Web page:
In the spring of 1873, Mike Shaw, as bad an hombre as the Southwest ever knew, swaggered through the streets of AntonChicot. Swarthy bartenders in Mexican cantinas were dazzled by the huge gringo's capacity for their tequila and cowed by his roaring, drunken voice as he staggered from saloon to saloon.

Mike had been a New York Bowery b'hoy in his younger days, a sidewalk bully, a barroom brute available cheap for brawls and dirty work with fist and club. As a volunteer fireman he made money looting burning buildings. But he slugged and stole once too often and had to leave town whep the police started moving in on him. Owing to his bully-boy tactics he left Chicago at the point of a pistol. The vigilantes in San Francisco dangled a noose under his nose and invited him to leave town , fast. In Denver he barely escaped the Regulars, who resolved criminal problems by lynch law. From Santa Fe he fled, as a horse thief, and landed in Anton-Chicot with a standing reward on his head, dead or alive. No one had the temerity to collect.

Mike Shaw was at the Casa Rouge one night when the houseman caught him sneaking a card from the deck. Hard words followed and Mike knocked his accuser down. He reached for his gun but Jean Pierres, at that moment inspecting the faro and roulette tables, knocked it out of 'Mike's hand. Mike roared and jumped Pierres. Each pulled a knife. Pierres took Shaw's blade in his shoulder and managed to stick his knife through the Bowery bruiser's left forearm. The customers hauled both men off to their respective beds, where their wounds were treated. As a group of Texas cowboys bore Mike away he still had strength enough to swear that Jean Pierres would die for this.

After they recovered, they warily avoided each other but both went armed. Matters stood so for several months while the town waited for a showdown.

Jean Pierres got up one beautiful July morning and dressed himself in front of the large mirror in his bedroom. He was unusually particular about his appearance, combing and stroking his curly hair and twirling his droopy mustache. He put on his best silk underwear and his finest outer garments.

Ann Masters, lying awake and eight months pregnant, watched her lover dress his fastidious best, and when he put on an expensive Panama asked in alarm, "Where are you off to, Jack?"

"Only to open the bar. Go back to sleep."

"What's the time?"

"Six." He stooped over the bed. "Kiss me good morning, Ann." "Please don't go out, Jack," she begged. "Something is going to happen."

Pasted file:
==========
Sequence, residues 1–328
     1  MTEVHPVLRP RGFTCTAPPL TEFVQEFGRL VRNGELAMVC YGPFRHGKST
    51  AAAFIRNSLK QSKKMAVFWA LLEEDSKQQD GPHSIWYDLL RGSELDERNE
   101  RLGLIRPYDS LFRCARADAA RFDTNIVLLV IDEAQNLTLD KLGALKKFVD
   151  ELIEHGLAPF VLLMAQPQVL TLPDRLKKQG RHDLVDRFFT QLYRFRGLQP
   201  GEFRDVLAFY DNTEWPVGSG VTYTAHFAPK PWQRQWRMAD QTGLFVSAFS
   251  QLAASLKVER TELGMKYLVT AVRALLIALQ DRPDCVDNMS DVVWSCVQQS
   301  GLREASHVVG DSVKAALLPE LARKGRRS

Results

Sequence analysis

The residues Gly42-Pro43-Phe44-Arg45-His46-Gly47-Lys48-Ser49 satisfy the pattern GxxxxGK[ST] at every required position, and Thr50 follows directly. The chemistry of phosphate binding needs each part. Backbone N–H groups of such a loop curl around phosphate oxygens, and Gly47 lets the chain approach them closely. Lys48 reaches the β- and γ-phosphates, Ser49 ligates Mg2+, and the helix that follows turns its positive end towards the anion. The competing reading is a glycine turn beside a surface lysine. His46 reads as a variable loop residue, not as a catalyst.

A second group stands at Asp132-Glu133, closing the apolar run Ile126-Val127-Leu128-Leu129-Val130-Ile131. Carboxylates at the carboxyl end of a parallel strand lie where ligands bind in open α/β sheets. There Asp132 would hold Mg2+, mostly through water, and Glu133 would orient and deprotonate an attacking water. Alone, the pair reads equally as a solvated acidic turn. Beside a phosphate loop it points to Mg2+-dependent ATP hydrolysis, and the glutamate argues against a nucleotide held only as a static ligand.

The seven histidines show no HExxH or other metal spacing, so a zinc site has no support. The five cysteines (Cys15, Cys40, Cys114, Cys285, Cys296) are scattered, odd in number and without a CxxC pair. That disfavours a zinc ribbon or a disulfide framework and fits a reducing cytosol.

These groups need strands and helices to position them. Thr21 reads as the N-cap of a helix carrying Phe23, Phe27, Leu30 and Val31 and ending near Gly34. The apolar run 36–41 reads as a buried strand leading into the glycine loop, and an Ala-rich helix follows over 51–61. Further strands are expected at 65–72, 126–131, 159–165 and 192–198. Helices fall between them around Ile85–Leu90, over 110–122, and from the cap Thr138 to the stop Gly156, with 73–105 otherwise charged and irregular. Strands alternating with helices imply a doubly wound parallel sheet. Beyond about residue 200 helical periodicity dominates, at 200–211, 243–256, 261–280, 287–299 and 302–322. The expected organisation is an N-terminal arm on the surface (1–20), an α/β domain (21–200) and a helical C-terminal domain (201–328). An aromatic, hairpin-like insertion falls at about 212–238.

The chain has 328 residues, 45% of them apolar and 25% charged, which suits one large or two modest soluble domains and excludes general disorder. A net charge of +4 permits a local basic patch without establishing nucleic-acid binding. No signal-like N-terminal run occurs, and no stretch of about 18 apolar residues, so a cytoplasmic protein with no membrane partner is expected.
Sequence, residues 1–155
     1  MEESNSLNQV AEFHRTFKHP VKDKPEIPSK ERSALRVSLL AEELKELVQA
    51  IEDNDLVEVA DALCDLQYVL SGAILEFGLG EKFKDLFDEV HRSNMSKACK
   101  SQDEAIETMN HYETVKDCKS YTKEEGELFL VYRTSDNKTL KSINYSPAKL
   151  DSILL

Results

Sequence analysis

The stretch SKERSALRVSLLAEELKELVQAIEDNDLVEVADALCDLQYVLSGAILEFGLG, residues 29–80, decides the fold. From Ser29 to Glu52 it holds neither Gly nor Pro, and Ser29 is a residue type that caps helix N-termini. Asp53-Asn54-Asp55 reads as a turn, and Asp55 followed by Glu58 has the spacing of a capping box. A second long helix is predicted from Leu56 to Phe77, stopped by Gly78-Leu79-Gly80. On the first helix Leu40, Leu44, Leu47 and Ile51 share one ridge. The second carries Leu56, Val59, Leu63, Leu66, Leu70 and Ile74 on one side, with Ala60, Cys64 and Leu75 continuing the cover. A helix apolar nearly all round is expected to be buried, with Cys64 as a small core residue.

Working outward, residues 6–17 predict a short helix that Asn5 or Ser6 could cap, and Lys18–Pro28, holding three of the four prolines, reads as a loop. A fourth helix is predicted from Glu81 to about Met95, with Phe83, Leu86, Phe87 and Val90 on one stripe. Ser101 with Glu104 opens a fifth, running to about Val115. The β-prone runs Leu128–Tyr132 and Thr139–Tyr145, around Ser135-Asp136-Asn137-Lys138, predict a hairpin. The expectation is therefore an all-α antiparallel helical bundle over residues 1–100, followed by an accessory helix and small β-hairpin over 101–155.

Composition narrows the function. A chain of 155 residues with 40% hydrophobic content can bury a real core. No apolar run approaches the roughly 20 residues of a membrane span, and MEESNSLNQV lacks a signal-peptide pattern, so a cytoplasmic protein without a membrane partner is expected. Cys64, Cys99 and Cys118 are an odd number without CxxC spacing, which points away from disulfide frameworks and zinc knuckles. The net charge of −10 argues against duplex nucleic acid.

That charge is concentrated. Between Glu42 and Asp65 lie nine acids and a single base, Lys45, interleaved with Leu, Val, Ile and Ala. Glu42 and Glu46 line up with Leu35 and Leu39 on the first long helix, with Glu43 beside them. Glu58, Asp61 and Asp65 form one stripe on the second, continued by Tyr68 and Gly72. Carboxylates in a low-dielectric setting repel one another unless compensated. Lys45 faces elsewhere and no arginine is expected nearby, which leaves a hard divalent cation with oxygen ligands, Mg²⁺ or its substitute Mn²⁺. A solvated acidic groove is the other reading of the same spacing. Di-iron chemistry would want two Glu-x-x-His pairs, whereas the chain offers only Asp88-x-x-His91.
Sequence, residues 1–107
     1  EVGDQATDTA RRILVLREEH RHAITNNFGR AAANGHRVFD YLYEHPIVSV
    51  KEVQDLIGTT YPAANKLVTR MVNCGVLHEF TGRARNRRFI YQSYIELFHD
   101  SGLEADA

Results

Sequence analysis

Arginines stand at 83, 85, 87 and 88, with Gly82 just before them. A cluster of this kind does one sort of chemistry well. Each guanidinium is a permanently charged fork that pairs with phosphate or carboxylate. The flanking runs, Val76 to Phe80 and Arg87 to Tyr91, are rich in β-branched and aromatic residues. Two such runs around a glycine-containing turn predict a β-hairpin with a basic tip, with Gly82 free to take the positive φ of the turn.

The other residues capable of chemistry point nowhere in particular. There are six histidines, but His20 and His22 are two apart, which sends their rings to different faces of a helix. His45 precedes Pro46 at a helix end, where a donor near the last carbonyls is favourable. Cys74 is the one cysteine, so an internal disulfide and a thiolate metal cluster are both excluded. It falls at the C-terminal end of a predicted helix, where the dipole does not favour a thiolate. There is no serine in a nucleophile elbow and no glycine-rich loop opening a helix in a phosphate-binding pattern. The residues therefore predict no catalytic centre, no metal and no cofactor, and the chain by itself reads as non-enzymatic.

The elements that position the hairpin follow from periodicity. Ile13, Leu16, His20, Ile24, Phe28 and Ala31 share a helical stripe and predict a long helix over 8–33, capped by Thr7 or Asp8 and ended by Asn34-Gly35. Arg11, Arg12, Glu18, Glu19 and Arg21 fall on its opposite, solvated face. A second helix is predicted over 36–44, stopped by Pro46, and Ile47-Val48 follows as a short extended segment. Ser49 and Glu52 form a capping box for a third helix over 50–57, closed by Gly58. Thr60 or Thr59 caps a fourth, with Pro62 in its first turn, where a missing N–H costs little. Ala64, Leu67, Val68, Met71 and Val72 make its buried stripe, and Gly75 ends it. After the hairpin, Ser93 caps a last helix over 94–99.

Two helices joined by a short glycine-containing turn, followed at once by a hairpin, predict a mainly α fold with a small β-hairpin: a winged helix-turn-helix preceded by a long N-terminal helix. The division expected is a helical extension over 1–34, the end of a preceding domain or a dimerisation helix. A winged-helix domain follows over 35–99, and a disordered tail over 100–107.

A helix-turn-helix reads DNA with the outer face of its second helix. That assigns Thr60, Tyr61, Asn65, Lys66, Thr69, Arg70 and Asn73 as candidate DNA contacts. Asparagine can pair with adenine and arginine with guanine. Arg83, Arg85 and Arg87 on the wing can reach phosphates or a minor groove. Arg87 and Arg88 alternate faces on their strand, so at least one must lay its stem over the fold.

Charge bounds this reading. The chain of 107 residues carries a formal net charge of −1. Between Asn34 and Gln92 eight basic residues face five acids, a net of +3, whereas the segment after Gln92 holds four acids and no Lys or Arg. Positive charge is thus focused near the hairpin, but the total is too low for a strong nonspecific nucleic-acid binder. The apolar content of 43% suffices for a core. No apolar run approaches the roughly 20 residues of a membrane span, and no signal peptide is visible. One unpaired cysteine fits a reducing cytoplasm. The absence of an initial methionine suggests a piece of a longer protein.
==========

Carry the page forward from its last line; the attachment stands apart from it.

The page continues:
"If anything should ever happen to me there's plenty of cash in the safe. You need never worry, angel," he answered lightly.

Ann held her man close and cried, "Don't go out, Jack. Don't!" Jean kissed her gently, went to a drawer, and took out his ivory- and silver-handled .45, put it in his pistol pocket, and left the room.

Ann called her half-breed Mexican and Indian maid to help her dress. She slipped a keen-bladed stiletto into the front of her frock and went in search of her man. With great relief she found him smoking on the veranda, enjoying the mountain air. Ann stayed beside him all morning.

During the early afternoon Jean left the Gasa Rouge before Ann could pick up her hat and go with him. As she stepped out of the door the sound of a pistol sent a chill through her. Men were gathering around the bleeding body of her gambler. She was just in time to hear him cough out his last words. "Thank God, I die dressed like a gentleman." Unnoticed in the excited crowd, she slipped around to where Mike Shaw stood, drew the stiletto, and with the strength of her hatred plunged its blade into his thick throat. She tore the wounded bruiser's hair, bit his hands and arms, spat in his agonized face, and screamed curses at him till he died at her feet.

Then Ann Masters fainted.

Roughened hands carried her tenderly back to her room, where, that night, her child was born and died. For weeks she lay near death and when she recovered she auctioned off the Casa Rouge and left Anton-Chicot for parts unknown. NO word of her was ever heard again.

Jean Pierres and Mike Shaw were buried side by side in the Boot Hill cemetery where their contemporaries have long since joined them. And the little town, Anton-Chico, now without the final "t," is a peaceful, friendly place today, sleepy beside the Pecos.